the despised race. “Glad to see you Sa, wish you a Merry Christ-

             “ mas, hope you won’t get sick, you must keep out of de Sun and

             “don’t sit up late at night, and don’t eat too much fruit and drink

             “liquor pon it.” As the advice was useful to me a teetotaller, I

             promised faithful obedience. Then suddenly calling two pretty

             young Maidens, who had strolled away from her, she brought them

             up and introduced them. These young Ladies were her Grand-

             daughters of fair complexion, graceful manners, and superb ap-

             parel. How strange all this to me - Grand-mother black, and

             Grand-children white. It was all explained to me in time, and

             again I had to deplore the profligacy and wickedness of white men

             who have brought so much shame and misery on the native women

             of Jamaica. The above greetings, which from personal experience

             I have attempted to describe are but a grain in the enormous hil-

             lock of congratulations, good wishes, blessings and handshakings

             piled up on the advent of the “Prince of Peace” who came into the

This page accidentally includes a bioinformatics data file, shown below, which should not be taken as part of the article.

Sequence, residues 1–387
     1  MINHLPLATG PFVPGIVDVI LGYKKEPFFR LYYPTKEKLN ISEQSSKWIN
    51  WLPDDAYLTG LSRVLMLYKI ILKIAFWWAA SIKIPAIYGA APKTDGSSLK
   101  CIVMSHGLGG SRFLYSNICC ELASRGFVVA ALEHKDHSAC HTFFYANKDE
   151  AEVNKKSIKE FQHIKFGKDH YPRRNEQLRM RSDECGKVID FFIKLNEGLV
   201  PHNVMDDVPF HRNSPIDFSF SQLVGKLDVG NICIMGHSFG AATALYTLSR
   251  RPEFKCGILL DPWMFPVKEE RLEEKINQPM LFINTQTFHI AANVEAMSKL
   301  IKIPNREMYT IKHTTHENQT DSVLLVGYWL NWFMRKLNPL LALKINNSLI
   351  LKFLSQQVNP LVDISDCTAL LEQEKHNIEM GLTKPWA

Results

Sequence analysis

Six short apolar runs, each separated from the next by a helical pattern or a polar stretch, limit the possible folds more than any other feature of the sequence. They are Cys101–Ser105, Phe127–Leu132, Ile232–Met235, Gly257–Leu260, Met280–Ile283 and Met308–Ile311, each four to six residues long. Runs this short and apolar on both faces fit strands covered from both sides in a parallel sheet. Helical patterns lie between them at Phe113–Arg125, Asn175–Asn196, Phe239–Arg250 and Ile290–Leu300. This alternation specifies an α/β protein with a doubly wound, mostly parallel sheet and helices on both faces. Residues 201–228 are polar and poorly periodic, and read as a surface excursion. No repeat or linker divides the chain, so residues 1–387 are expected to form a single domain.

world to ransom and save all, of every creed and clime.


          I must not forget the good things provided within the well kept and

          attractive market buildings. In the flesh market there was a fine and

          abundant display of Beef &c. Better and more succulent meat

          I never beheld, but the Cutters should be taught to use their knives

          and cleavers like English Butchers, and avoid hacking and slash-

          ing the joints and choice pieces. The Mutton was only fit for the

          kennel, and scarcely good enough for valuable hounds. I have, how-

          ever, eaten Kingston Mutton from the Farm of a person of the

          name of Hockins, and for quality and flavor not to be surpassed at

          home. It was a pity to see the poor stuff exhibited in the Victoria

          Market on the 26th. Of fruits there was an abundance and very

          moderately priced, considering the enormous fees levied on all who

          vend their goods in the pretty, but expensive building. But I must

          not mar the pleasure and real happiness I have felt in witnessing

          Christmas in Jamaica -- a land truly of Springs, beautiful skies,

          magnificent scenery, and wonderful climate. I can never cease to

          pour out my gratitude to Jamaica for the marvels it has worked in

          my health and spirits. That person who would call it “a God for -

          saken hole” must be lost to all sense of truth.    



I was fascinated  with the account above of Christmas 1881 - Boxing Day actually, since Christmas Day was a Sunday - on King Street; some of you will know it already. It raises many interesting issues, but I was chiefly impressed by the atmosphere of happiness and peace it portrays. Of course the following Christmas was sadly different, as Kingston had suffered the worst fire in its history, in the down-town area, earlier in the month.


Sent out for Christmas 2003






Queen of the Dancing Girls, 1837